Philips, Achmea Start TV Home Medical Care Trial
Jun 9, 2005
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Dutch manufacturer Philips Electronics and Dutch insurer Achmea will start a trial to test a monitoring system that connects heart patients at home to doctors and nurses via their television, the companies said.

In recent months, Philips has aimed to free up money to invest in profitable medical systems, which have become the new growth engine of the company, by accelerating the sale of investments in unconsolidated companies.

By moving into the home, Philips hopes to mix its expertise as a consumer electronics vendor with its medical systems knowledge, and accelerate sales of new devices to consumers who are getting older and who are interested in staying healthy.

Unlisted health insurer Achmea hopes healthcare through home electronics will cut the rising health care bill it is facing with an ageing population. To keep a patient in a hospital for one day costs about 641 euros (approx. U.S. $790.70) in the Netherlands. The costs of set-top boxes as well as blood pressure, sugar, and weight measurement systems are well below these, leading to 10- to 15-percent overall cost reductions. This makes it appealing for insurers to subsidize the equipment.

Heart disease was chosen for the first major trial amongst 630 patients in eight hospitals in the Rotterdam area because essential statistics such as weight, heart rate, and blood pressure can be easily measured by the patients themselves.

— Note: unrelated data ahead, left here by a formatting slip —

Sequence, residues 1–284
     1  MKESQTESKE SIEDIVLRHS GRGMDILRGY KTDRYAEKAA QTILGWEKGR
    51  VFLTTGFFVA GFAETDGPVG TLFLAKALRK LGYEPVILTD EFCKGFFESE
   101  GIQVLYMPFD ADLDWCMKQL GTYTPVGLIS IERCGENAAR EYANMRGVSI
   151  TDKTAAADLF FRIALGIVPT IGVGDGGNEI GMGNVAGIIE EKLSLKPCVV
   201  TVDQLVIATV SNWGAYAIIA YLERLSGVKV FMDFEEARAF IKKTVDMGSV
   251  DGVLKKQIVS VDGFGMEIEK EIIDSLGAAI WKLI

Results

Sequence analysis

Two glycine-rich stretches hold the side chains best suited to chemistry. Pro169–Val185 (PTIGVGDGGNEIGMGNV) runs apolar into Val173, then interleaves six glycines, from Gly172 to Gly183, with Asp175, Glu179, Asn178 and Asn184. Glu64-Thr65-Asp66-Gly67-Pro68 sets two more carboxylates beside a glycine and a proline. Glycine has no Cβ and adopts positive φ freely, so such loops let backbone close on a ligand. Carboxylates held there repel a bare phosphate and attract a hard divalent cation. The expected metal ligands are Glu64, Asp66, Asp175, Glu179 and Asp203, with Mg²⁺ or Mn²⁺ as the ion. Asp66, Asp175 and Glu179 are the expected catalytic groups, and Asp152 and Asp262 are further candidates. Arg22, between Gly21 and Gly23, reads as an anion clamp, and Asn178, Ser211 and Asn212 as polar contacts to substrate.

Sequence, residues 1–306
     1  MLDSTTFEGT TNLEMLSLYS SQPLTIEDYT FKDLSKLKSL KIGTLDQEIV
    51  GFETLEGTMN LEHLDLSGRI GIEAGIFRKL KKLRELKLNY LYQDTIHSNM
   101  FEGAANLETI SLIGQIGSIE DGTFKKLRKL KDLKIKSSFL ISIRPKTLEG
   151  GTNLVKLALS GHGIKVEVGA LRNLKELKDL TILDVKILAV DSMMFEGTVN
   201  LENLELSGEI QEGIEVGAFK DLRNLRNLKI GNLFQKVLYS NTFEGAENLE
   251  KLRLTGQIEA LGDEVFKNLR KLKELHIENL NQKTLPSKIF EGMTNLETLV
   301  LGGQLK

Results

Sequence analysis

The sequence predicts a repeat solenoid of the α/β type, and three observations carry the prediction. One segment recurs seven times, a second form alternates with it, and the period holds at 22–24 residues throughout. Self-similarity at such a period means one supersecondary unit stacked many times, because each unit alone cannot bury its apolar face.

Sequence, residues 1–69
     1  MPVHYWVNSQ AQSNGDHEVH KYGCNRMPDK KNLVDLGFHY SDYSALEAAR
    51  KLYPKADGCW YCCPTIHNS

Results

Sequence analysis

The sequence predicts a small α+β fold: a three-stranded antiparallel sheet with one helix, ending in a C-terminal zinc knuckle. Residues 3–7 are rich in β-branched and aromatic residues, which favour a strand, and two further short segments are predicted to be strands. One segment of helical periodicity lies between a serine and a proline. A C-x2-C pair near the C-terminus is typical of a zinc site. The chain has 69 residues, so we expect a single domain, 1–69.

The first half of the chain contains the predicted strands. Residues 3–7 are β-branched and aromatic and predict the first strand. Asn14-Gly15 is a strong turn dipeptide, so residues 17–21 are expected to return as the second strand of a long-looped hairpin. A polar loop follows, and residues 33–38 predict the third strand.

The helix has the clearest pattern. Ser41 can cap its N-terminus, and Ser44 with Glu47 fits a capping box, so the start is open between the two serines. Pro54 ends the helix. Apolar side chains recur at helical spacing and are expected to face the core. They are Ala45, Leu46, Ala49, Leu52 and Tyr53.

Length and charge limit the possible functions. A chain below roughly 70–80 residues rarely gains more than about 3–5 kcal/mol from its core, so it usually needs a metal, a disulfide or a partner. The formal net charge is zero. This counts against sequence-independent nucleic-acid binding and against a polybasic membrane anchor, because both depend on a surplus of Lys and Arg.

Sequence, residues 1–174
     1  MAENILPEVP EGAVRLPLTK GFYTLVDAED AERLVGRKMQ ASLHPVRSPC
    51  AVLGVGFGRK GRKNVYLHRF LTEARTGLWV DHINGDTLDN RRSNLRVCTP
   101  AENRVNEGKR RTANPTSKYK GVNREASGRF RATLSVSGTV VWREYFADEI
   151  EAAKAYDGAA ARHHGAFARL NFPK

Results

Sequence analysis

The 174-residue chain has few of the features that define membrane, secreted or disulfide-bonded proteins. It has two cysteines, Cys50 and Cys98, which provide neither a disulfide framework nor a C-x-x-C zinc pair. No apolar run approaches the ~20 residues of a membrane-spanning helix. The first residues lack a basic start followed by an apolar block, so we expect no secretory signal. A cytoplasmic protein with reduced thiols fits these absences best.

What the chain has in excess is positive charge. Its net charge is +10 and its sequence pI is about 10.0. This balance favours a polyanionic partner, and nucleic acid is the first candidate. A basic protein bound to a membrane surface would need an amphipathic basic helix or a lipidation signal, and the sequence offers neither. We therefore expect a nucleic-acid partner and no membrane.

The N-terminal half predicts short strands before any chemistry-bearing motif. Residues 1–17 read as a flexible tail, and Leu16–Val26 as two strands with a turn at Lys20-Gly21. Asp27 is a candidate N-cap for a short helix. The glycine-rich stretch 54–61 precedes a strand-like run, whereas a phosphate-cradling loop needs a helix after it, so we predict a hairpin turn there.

The patients will feed the data into an information system, monitored by nurses, by using a TV set-top box with pre-installed software tailored to older patients. Nurses will call patients if the data sets off any alarms, while they will also send videos and other information about the disease or actions in upcoming hospital visits.

The information will be delivered to the set top box over a broadband Internet connection, to be provided by KPN if the patients do not have a Web connection already.

The Philips study is more elaborate than previous trials and will include all kinds of heart patients, including less severe cases. The pilot, starting in June, will last for 12 months. Over time, the Philips system, called Motiva, can be expanded with software and services for healthy people who want exercise schemes, dietary advice, or tips on how to fight stress and insomnia, said Jay Mazelsky, who in charge of new ventures at Philips Medical Systems.

New applications may not be subsidized, unless insurers find that certain disease prevention also saves them money. Philips is also talking to health companies and telecommunications providers in Spain, Britain, and the U.S. to set up similar deals.

"I expect more announcements this year," said Philips board member Gottfried Dutine. (Reuters)

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